UW researchers use Micron lab to test materials using unique 'combinatorial' approach
The computer chip industry is facing a predicament: as chips get smaller they are reaching a physical limit. Today's semiconductor devices are made of parts containing just a few hundred atoms of silicon and other materials. As consumers demand even faster and smaller devices, nanoscale effects will change the materials' behavior.
"Silicon is still an absolutely good material for the active area, where the electrons travel," said Fumio Ohuchi, UW professor of materials science and engineering. "But the supporting material, the surrounding scaffold, will have to change as we're pushing the technical limit. Smaller devices will require new combinations of materials."
Finding these materials is the first goal of the UW's new Micron Laboratory for Combinatorial Materials Exploration, which opened on March 19, 2007 in Roberts Hall.
Boise-based Micron Technology Inc., manufacturer of memory chips and image sensors, and the Micron Foundation helped launch the new lab with more than $400,000 in equipment and $500,000 in cash. In February 2008, Micron invested an additional $575,000 in equipment and $200,000 to support the work of Ohuchi and his team.
"The laboratory allows us to conduct collaborative research leading to faster, more efficient and cost-effective screening of new materials," Ohuchi said.
The lab is part of Micron's university relations efforts to advance education, primarily in science and engineering, by establishing strategic partnerships with premier research universities.
"In order to compete in the fast-paced micro-electronics industry, Micron must continue to innovate and execute on the cutting-edge material science technologies of tomorrow," said Scott DeBoer, Micron's director of process development. "By collaborating with the UW on combinatorial materials, we have a unique opportunity to enhance advanced research activities and findings that continue to drive material development efforts and digital technology innovation."
Today's silicon-based transistors, used in all computer processors and memory chips are predicted to be obsolete by 2025, Ohuchi said. New materials will be required to combine optical and magnetic signals, two directions for future microchips, with the existing silicon electronics. At the moment many different possible successors are vying for favor. Testing them all quickly is beyond the ability of conventional materials testing, Ohuchi said.
The Micron lab's machines automate materials testing by creating a wafer, called a materials library, whose properties change gradually. By layering these wafers, a single test can evaluate all possible combinations of important factors -- such as manufacturing process, material composition and atomic structure -- to see which produce the best attributes. The word "combinatorial" in the lab's name refers to this system for combining different materials.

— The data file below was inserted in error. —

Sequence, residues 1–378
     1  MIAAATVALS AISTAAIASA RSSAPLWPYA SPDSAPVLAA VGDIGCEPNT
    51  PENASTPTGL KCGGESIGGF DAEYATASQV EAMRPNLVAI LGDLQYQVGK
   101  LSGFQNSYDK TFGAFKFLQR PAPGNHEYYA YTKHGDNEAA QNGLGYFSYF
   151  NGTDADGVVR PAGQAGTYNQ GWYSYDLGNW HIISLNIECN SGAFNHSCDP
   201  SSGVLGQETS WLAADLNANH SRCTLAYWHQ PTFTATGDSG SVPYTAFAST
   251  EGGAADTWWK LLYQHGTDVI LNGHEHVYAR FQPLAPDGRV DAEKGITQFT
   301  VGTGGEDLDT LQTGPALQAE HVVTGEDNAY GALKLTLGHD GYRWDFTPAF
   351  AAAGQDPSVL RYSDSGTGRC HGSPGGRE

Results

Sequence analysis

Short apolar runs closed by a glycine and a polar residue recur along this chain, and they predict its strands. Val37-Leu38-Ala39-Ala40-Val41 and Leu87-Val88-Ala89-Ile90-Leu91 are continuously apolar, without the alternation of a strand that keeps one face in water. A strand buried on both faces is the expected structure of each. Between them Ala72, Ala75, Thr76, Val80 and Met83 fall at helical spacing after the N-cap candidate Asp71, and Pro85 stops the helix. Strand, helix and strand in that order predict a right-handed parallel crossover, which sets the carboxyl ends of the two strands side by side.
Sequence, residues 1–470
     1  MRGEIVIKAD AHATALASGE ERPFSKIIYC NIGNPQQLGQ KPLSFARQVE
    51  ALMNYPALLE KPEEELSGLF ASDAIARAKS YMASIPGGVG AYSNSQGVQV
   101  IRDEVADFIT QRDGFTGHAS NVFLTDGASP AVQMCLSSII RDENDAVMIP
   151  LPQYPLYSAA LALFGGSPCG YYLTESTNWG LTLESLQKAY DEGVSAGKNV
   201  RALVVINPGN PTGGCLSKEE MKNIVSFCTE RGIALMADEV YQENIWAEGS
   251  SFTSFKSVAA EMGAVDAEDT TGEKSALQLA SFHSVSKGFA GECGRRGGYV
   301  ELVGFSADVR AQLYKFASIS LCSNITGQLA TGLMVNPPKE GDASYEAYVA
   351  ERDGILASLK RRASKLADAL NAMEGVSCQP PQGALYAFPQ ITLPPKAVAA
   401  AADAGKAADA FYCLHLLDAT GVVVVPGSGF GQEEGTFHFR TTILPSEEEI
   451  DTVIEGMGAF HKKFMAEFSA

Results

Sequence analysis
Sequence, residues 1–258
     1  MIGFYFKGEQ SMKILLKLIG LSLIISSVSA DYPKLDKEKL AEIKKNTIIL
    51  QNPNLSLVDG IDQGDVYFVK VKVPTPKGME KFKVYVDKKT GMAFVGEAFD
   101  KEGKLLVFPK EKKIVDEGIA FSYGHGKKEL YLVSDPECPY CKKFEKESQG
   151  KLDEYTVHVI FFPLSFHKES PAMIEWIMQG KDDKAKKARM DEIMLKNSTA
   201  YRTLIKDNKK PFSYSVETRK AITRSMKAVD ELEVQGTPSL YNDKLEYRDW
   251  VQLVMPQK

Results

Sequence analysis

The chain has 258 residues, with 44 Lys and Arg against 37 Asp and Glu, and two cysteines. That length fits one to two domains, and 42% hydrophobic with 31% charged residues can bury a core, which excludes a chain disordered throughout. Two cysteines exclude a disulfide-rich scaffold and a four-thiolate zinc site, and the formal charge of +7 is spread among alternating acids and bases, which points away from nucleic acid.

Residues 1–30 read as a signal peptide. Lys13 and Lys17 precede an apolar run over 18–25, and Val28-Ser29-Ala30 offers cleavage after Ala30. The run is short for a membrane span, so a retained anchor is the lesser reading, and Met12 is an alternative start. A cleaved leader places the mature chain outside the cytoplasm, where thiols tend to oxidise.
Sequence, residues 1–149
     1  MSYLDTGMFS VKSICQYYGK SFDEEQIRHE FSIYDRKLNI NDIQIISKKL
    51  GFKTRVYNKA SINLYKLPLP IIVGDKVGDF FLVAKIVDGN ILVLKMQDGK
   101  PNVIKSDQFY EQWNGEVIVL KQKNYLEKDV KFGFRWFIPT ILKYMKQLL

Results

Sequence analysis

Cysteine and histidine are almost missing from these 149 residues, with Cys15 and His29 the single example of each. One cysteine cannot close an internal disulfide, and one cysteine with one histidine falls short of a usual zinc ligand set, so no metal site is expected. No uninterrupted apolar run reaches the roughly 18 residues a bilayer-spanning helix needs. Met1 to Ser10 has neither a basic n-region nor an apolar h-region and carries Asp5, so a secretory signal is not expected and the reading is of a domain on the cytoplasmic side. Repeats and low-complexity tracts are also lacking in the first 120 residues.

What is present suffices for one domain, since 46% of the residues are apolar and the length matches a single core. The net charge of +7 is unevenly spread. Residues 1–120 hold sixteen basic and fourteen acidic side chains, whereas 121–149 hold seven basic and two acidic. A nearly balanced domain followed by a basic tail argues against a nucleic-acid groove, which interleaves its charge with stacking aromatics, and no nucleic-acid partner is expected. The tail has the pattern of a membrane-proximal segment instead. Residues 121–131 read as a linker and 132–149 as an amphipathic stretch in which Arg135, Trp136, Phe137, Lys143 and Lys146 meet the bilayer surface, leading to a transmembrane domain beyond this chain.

Similar techniques for screening candidates have long been used in the pharmaceutical industry, but are only beginning to be used in materials research, Ohuchi said. The new lab will work cooperatively with other institutions using combinatorial materials testing, including the National Institute of Materials Science in Japan, the Pacific Northwest National Laboratory in Richland, Wash., and the University of Maryland in College Park. Materials scientists predict that the abundance of data generated by this type of screening will have the same effect on their field that the Human Genome Project had on biology.
The lab will be directed by a multidisciplinary team of five UW faculty. In addition to Ohuchi, physicist Marjorie Olmstead will help to assess why the material responds in certain ways. Materials scientist Raj Bordia will study whether the combinations are compatible and stable. Electrical engineers Bruce Darling and Scott Dunham will conduct modeling experiments and build prototype devices. The fast pace of today's computer industry means research once carried out in many steps, Ohuchi said, is now being done simultaneously.
"The Micron lab will provide a total integration of expertise within the UW to speed up material development," said professor Alex Jen, chair of the Department of Materials Science & Engineering. "This investment will also build much tighter relationships with our neighboring semiconductor companies." All results will be collected in a publicly accessible computer database.
While the initial motivation for the lab is to test semiconductors for the computer industry, over time it may be used to test new materials for energy and environmental uses, such as components for solar cells and fuel cells, or to discover replacements for dwindling resources, such as the indium used in flat-panel display screens, Ohuchi said. "We want to have a global impact," he said. "Together we hope to become a nucleus for research and also education, preparing students for the work force of tomorrow."
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